Business

Making most of strengths of each gender boosts workplace

ARE male and female brains wired differently? It's a controversial question if ever there was one.

With International Women's Day come and gone for the year, and our team busily researching for our Developing Female Leaders Program, I have come across some interesting reading about this topic.

Ask any man or woman and the answer to the question will be a resounding "yes", there is a difference.

Thinking of this conundrum takes me back to a great YouTube video called the "tale of two brains" by marriage expert Mark Gungor (it is worth a look).

Specifically, how men and women are wired differently. They act differently, they communicate differently and most importantly, they think differently.

Gungor's amusing demonstration of the key organising principle of a man's and a women's brain is worth considering.

The three key identified differences in a female brain to the males are:

1. Women have stronger social circuitry, their "mirror neurons" (which everyone has) are slightly thicker and enable an ability to sense others emotions more effectively through intuition.

These mirror neurons also work faster in a social situation for women.

Women's mirror neurons are wired to empathise where as men's are more likely to systemise or create a set of logical rules about someone else's behaviour.

2. Women have larger areas in the brain that are associated with decision-making and emotion regulation.

While on average the male brain is larger, parts of the frontal lobe which is responsible for decision-making and problem-solving is larger in women.

Men will solve problems and make decisions based on the potential reward and will turn off after they have made the decision.

A female brain will think about the reward consequences, even after the decision has been made hence the over use of the pre-frontal cortex.

3. Women have four times the neural connections between the left and right hemispheres than men.

This whole brain thinking concept allows women the ability to create detailed visions of possible futures and the steps required to get there.

It also provides heightened language-associated thinking.

Men have stronger connections within the individual hemispheres, which makes the task or role of the hemisphere to be heightened (as Gungor explains men think in boxes, women think in connections).

It's quite striking how complementary the brains of women and men really are.

If managed it could actually create a more powerful working environment if the skills and talents of the sexes were used more in synergy as opposed to conflict.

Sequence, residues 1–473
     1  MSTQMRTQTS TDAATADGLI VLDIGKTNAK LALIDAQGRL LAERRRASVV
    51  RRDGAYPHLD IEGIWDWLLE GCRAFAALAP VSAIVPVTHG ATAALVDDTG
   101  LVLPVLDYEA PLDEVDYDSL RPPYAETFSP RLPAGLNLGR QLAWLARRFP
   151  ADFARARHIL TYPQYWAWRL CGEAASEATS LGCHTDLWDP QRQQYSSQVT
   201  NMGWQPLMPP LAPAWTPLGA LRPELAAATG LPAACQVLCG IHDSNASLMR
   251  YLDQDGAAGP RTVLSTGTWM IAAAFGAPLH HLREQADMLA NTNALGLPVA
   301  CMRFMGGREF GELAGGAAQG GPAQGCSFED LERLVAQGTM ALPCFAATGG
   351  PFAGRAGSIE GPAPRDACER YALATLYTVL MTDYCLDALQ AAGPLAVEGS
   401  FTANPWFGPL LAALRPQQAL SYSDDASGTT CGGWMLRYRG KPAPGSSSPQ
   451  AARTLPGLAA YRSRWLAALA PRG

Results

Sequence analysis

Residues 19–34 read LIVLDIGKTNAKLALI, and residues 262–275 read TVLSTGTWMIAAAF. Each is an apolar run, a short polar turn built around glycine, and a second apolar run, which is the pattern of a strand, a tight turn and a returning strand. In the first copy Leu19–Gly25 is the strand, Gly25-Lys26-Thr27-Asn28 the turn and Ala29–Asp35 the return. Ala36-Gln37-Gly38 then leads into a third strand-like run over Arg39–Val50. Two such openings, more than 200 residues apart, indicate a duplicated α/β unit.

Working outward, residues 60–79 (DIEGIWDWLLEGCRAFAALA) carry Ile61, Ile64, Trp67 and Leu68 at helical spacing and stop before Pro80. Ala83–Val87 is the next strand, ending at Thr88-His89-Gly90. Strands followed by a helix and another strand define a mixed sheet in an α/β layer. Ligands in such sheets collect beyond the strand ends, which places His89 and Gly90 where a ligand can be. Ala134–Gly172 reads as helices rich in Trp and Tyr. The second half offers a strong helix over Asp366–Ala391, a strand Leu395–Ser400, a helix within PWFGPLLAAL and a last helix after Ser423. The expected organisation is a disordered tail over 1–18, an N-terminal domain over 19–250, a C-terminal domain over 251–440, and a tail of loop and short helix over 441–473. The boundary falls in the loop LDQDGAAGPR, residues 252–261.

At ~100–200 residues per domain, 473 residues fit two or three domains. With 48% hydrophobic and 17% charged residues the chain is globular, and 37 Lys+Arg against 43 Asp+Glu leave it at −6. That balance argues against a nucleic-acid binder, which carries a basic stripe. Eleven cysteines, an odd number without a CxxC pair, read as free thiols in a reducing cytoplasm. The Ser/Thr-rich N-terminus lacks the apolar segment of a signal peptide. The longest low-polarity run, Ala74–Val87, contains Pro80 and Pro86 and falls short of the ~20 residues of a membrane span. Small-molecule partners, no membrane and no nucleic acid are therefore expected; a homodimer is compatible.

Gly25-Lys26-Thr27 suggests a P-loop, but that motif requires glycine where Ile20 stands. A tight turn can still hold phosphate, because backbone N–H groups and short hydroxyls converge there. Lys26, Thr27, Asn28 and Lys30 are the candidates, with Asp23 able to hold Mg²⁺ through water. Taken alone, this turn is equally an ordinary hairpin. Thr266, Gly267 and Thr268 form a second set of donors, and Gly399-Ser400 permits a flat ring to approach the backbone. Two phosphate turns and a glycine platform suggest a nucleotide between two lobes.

Sure, there will always be exceptions to what the brain science tells us and the response in the brains is often due to the levels of hormone in the individuals system (ie the ones that affect the brain testosterone and the girly hormones), but as a general rule this is often the case.

What is interesting is that many of these differences are still prehistoric and come from the reptilian brain, which was instinctual - not much has changed from the Neanderthal day.

Tara Neven is director of neuresource group, situated in Tank St. Phone 4972 5007 or 1800 704 320 or tara@neuresourcegroup.com.au. Tara specialises in organisational learning and development.

Topics:  gender, gladstone business, opinion, tara neven




Stay Connected

Update your news preferences and get the latest news delivered to your inbox.

3 easy dinner recipes your kids will love, and so will you

No Caption

THERE is a middle ground! Dinners fit for kids and adults.

How to reduce your child's risk of food allergies

ABOUT 90% of food allergies are caused by just seven foods.

5 good mental health habits for kids (and parents)

CRYING OUT FOR HELP: The demand for counselling support for children and young people is increasing.

FORMING good habits early is critical for your child's mental health.

Smack or no smack - where do you stand?

THE debate is reignited - is smacking acceptable?

Susie O'Neill: Why I stopped smacking my children

Swimming legend Susie O'Neill says she has stopped smacking her kids.

“I (smacked) because that’s what I knew growing up."

Introducing a step-parent into the family

Introducing a step-parent into the family can be stressful for the children, as well as the new parent.

THERE is no easy way to introduce a step parent into the family.

Tourist reports croc sighting at Boyne river

Never smile at a crocodile!   Photo Colleen Delaney

"Decent sized" croc sighted on Boyne River

Star-struck Gladstone man seeks selfie with Pauline Hanson

Pauline Hansen in Gladstone June 24, 2016. Pauline and Fraser Anning.Photo Mike Richards / The Observer

FLYNN voter visits his favourite pollie.

Gladstone stalwart backs Ken’s tax cuts for business

Owner of a Gladstone electrical company Ken Corfield with LNP member for Flynn Ken O'Dowd.

Two Kens agree that businesses would benefit from LNP's tax cuts

Latest deals and offers

Is this state’s cheapest house?

BARGAIN BUY: Is this North Bundaberg property the cheapest home in Queensland?

Becoming a real estate mogul is all about risk and reward

Cheap, cheap rental in Gladstone

$150/week for 6 Drynan Dr, Calliope

Cheap cheap rental in Gladstone